At the press conference, Nao-san and Karen-san, both tapioca enthusiasts who had walked up to 700 stores and had over 1000 cups a year - up to 24 cups a day - were invited to share some words on their experience. Makiko Nagatomo, author of Tapioca in Japan and a freelance writer and part-time lecturer at Doshisha Women's University, and editor-in-chief Masato Aso of the web magazine “Mega Brazil”, also appeared.

Nao and Karen said, “Tapioca was sometimes said to be a temporary boom, but I am happy that it has become a social phenomenon and won the award. Now is the time when young people can take action through SNS. We want to work actively on social issues like littering so that some negative impressions can be dealt with and changes made."

Ms. Nagatomo said, “I started studying tapioca about 20 years ago. Today I feel like I have been participating in a Tapioca Festival for over 20 years - and this is the result.”

2019's Runner Up: Fermented Food Dishes!

2019's Runner Up: Fermented Food Dishes!

The market scale for natto (fermented soybeans) reached a record high in 2019 and the number of restaurants and cafes using fermented ingredients in Japan is on the rise.

Fermentation has been essential in Japan's food culture since ancient times. With increased health-consciousness recently, there has been a rediscovery of their value. Fermented foods have until now tended to garner attention as a standalone dish.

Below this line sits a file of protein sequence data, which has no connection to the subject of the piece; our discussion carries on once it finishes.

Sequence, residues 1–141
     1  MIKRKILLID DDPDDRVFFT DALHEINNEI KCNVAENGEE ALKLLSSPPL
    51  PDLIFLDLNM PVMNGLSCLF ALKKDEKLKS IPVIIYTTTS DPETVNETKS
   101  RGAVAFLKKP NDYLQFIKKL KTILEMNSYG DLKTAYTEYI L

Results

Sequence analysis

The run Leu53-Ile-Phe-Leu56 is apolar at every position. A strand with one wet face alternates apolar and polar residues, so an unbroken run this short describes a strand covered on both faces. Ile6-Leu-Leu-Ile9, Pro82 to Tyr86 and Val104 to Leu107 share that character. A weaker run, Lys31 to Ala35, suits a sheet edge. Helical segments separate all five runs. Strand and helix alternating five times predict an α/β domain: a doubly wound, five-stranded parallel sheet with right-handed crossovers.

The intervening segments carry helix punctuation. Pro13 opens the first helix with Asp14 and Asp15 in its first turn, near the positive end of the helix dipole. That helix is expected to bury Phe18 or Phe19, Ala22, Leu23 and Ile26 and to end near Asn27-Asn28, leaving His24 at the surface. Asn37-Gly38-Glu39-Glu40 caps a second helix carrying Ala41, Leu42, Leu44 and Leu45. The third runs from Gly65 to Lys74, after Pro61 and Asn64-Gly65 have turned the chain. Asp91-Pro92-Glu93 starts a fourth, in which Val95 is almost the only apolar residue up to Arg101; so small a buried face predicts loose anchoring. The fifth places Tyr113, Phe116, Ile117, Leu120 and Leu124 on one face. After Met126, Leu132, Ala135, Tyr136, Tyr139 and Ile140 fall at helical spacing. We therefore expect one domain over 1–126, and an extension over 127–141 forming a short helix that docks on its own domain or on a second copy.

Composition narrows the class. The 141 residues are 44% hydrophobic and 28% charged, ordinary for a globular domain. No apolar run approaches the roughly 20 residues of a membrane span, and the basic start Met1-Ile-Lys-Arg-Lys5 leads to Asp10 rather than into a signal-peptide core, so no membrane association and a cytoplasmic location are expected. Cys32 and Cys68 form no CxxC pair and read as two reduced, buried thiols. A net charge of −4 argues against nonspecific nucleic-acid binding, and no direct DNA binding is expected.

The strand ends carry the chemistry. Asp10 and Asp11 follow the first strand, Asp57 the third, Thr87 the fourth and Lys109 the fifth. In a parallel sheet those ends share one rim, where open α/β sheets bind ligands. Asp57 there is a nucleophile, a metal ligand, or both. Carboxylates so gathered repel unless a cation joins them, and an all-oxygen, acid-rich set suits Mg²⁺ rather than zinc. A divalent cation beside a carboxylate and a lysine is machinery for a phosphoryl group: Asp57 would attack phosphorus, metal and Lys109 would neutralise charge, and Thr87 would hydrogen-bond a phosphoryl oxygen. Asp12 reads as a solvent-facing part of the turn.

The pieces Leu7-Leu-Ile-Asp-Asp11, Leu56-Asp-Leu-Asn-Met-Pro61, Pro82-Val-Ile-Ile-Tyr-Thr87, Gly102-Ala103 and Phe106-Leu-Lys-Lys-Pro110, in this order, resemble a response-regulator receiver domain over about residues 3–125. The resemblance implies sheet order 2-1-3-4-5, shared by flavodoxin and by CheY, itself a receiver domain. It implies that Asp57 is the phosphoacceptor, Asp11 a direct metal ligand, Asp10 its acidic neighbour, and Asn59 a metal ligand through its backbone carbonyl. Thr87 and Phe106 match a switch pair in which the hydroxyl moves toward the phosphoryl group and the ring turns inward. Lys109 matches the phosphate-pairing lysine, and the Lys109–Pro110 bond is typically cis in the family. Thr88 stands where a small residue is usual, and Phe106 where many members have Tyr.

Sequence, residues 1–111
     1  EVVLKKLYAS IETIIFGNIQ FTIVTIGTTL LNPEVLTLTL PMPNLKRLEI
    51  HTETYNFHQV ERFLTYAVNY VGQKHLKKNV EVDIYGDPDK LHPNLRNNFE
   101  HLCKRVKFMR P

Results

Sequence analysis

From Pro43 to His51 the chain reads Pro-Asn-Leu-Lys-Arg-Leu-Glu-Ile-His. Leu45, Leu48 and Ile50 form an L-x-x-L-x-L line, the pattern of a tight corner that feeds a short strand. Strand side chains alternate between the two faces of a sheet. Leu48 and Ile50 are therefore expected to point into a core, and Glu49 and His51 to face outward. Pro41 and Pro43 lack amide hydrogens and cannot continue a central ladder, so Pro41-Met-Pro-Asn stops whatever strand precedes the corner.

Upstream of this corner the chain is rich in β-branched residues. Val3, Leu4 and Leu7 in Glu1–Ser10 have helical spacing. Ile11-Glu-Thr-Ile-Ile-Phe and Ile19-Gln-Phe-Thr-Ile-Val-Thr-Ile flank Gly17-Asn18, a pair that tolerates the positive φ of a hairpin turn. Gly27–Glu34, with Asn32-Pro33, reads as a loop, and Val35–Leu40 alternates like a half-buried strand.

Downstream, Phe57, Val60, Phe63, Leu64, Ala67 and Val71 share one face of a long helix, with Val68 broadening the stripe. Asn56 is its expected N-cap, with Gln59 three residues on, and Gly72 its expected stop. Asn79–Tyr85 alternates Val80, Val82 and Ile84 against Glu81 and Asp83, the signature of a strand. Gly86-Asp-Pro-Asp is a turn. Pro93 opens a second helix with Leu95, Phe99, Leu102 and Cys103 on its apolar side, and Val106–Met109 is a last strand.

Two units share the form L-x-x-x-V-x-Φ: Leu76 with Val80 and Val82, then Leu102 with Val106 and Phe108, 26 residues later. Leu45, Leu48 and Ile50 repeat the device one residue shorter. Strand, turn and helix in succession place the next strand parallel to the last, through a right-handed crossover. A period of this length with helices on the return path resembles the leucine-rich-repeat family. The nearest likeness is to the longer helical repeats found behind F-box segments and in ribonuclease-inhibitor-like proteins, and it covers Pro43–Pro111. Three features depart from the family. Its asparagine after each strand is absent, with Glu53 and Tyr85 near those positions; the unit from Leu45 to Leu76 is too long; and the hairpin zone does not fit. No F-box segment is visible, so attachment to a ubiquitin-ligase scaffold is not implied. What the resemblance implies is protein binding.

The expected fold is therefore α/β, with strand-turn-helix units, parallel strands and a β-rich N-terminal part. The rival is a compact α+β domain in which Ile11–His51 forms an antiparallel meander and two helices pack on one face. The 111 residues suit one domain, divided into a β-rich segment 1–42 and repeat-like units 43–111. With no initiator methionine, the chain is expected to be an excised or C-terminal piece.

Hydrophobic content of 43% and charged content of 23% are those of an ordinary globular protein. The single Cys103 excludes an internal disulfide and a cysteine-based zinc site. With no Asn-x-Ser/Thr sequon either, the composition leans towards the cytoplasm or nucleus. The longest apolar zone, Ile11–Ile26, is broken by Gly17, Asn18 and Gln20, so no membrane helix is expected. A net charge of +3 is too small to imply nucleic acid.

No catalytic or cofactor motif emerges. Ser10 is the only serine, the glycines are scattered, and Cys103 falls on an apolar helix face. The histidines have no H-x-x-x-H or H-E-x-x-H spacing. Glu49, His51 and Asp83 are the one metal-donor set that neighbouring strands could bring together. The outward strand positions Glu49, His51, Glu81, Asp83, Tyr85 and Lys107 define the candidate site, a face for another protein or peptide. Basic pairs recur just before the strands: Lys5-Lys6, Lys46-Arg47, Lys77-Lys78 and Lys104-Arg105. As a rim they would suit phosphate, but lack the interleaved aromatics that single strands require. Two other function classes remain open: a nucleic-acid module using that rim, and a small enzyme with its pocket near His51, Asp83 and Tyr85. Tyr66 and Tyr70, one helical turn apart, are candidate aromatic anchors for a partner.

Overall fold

However, this year’s key characteristic was the style in which fermented foods were incorporated into entire meals. Since fermented foods and seasonings have a strong umami flavor and increase nutritional value, we can expect reduced use of salt and other health benefits by skillfully incorporating them into meals.

Japanese food ranks at the top of things that tourists to Japan look forward to and with recognition from the world, fermented foods became a catalyst for the Japanese to re-examine their traditional food culture.

Past "Dish of the Year" Winners

So what foods took Japan by storm in the past? Here is a quick list of past winners.

●2014: Gibier (Wild Game) Cuisine

The Ministry of Health, Labor and Welfare released "Guidelines for Hygiene Control Concerning Wild Game and Fowl". The year also saw the appearance of venison even in convenience store and fast-food dishes.

●2015: Onigirazu

2015 saw expanded potential of rice - and even brand-name rice in Japan.

●2016: Pakchee (Coriander) Cuisine

In 2016, coriander went from condiment to lead role; it also entered mainstream language, with appearance of pakuchisuto (pakchee enthusiasts). Domestic production saw a jump.

●2017: Chicken Breast Dishes

With a focus on health, attention shone on high protein, low fat chicken breast containing "fatigue-fighting imidazole dipeptide". Demand for salads featuring chicken breast jumped as well.

●2018: Mackerel

In 2018, attention focused on canned mackerel reconfirms the merits of seafood culture. There was improved recognition of branded mackerel and expectations for its increased popularity in restaurants - while sustainable fishing and development of seafood culture was promoted.

When you visit Japan, why not give tapioca drinks a go!

Written by: Shoko Kamiguchi

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*This information is from the time of this article's publication.
*Prices and options mentioned are subject to change.
*Unless stated otherwise, all prices include tax.